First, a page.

A growing disquiet is rumbling through the land regarding our constitutional system for protecting human rights. The astonishing numbers of wrongfully convicted citizens revealed by innocence projects through DNA testing, the statistical documentation of racial profiling across the country, and the disclosure of widespread perjury, abuse, and corruption throughout an entire law enforcement unit like the Rampart Division of the Los Angeles Police Department, are all signs pointing to a structural failure in constitutional protection for individual liberty. It is widely acknowledged, for example, that neither the Fourth Amendment nor the Equal Protection Clause provides a workable solution to the problem of racial profiling. In this post-September 11 era, as hydraulic pressures to diminish liberty and privacy increasingly press on our fragile system of checks and balances, the need to explore new and alternative solutions is even more acute.
This article looks at why the traditional "rights/remedy" paradigm has failed and proposes a fundamentally different approach. Employing the Privileges or Immunities Clause of the Fourteenth Amendment, this new approach would generate proactive rather than reactive solutions to the problem of maintaining constitutional protections for human rights. In particular, we will see how the right to travel, now firmly established as a privilege of national citizenship, could be used to address the problem of racial profiling.
Standards, Rules, and Sanctions
We often think of problem solving in terms of cause and effect. We seek to eliminate a problem by getting at its root cause. Problem solving in the context of constitutional restraints on police power, however, tends to employ a different paradigm. In recognition of the law’s inability to purge from human nature the root causes of arbitrary and discriminatory misuse of official power, constitutional law seeks to limit the opportunities to wield unbridled discretionary power. This is accomplished in the main through a combination of three devices: standards, rules, and sanctions. Standards control discretion by establishing criteria for exercising power, while bright-line rules limit the circumstances where such discretionary power exists. Sanctions, such as the exclusionary rule and tort liability under 42 U.S.C. § 1983, are thought to deter official misconduct by punishing violations of these rules and standards. While in theory a comprehensive framework thus exists to both prevent and remedy unconstitutional intrusions on individual liberty and privacy, this system is ineffective in practice because each component of the system has been undermined by crippling decisions of the U.S. Supreme Court.
Deconstitutionalizing Controls on Discretion
The Court’s treatment of the Fourth Amendment is a classic example. Under the traditional reading of the amendment’s text, the right to be free from unreasonable searches and seizures was protected by the probable cause standard and the warrant requirement. These text-based protections controlled the officer’s discretion to encroach on liberty or privacy unless there was individualized justification, determined by a neutral magistrate. Dominated by a "crime stopper" mentality, however, the Supreme Court has given a new reading to the amendment, which simply uses reasonableness as the touchstone of analysis. Under this new interpretation, the Court has systematically dismantled the traditional protections to give law enforcement greater discretion. The Court began this deconstruction by first substituting "reasonable suspicion" for the more robust probable cause standard. Initially, this exception was limited to only a few narrow categories. Exceptions to constitutional restraints on governmental power, however, are always subject to constant pressure to expand. Cut adrift from traditional textual moorings, the Court employed a simple balancing test to determine cases under the more flexible "reasonableness" analysis. Not surprisingly, the Court repeatedly found that "important" governmental interests "outweighed" the liberty or privacy claims of the solitary individual. As a result, an ever-expanding list of exceptions dramatically scaled back the application of the probable cause standard and reduced the warrant to a virtual artifact.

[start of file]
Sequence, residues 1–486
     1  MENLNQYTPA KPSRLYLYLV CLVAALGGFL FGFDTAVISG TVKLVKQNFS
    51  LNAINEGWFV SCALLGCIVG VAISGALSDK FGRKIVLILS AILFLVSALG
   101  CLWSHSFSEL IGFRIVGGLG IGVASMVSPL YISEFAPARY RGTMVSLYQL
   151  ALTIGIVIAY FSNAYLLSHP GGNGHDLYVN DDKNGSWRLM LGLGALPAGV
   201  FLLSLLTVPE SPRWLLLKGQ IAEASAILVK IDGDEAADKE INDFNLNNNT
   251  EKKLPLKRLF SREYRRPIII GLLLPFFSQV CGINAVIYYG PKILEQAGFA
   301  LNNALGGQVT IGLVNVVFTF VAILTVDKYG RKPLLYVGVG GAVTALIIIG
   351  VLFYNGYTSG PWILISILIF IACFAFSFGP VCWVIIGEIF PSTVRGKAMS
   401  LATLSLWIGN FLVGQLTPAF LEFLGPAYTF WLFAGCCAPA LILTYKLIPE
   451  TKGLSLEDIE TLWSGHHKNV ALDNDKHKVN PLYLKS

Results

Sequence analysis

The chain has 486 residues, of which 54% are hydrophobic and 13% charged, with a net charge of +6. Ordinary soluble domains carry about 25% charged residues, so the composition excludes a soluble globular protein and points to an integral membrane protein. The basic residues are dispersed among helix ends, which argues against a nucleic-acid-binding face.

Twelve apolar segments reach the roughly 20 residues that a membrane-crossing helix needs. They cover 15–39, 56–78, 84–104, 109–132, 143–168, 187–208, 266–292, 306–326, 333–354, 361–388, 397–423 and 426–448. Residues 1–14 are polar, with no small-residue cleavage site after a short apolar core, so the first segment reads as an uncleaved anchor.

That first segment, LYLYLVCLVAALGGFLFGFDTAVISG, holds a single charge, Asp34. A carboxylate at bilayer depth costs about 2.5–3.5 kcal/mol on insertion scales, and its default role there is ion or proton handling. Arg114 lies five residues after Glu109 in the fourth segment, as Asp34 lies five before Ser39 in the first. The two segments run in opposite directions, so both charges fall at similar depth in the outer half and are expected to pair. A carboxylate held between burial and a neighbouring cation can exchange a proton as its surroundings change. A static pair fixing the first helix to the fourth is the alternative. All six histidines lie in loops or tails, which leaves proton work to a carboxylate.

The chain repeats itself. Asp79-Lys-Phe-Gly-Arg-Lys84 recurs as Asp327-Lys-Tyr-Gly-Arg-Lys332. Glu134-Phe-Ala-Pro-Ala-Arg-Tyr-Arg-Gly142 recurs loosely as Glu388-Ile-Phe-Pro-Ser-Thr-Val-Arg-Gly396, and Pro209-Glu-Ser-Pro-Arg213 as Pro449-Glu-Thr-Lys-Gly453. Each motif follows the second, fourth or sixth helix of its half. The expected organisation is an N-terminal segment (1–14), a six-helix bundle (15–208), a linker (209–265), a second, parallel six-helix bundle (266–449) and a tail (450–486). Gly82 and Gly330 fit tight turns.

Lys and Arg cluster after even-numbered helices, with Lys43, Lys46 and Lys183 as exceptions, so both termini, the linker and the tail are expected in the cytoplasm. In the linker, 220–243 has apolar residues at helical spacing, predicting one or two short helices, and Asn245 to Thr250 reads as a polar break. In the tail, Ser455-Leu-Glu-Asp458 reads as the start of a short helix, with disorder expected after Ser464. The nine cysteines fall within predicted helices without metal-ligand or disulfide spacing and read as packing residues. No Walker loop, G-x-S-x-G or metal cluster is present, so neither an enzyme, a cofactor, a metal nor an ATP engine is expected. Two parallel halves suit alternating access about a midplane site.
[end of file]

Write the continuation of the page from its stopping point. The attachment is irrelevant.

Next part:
The Court even dispensed with any form of individualized justification in certain types of cases, upholding suspicionless searches and seizures under the so-called special needs doctrine. To be sure, in each of these cases there were attractive reasons for discarding traditional Fourth Amendment protections—from keeping drunk drivers off the road to keeping drug abusing students off the football field—but the "special needs" doctrine has threatened to become a runaway freight train, because there are an abundance of good causes that can be served by sacrificing protection for individual rights.
The Impact of September 11
Last Term, before September 11, the Court did attempt to apply the brakes, when it struck down narcotics checkpoints and the drug testing of pregnant women, holding that suspicionless searches and seizures must be justified by some immediate special need beyond the general interest in crime control. However, this Term, a unanimous Court has taken a different tack in two decisions that significantly broaden the use of the reasonable suspicion test. In United States v. Knights, 534 U.S. 112 (2001), the Court held that no "special need" for flexibility has to exist to make a warrantless search of a home on reasonable suspicion. The legality of such searches is to be determined by simply balancing the interests of the government against the privacy interests of the individual. In Knights, the fact that the homeowner was on probation was dispositive. Knights thus delivers the final coup de grace to the Framers’ text, making it possible now for the Court to balance away the protection of the warrant and probable cause standard even for privacy in the home—a core constitutional interest.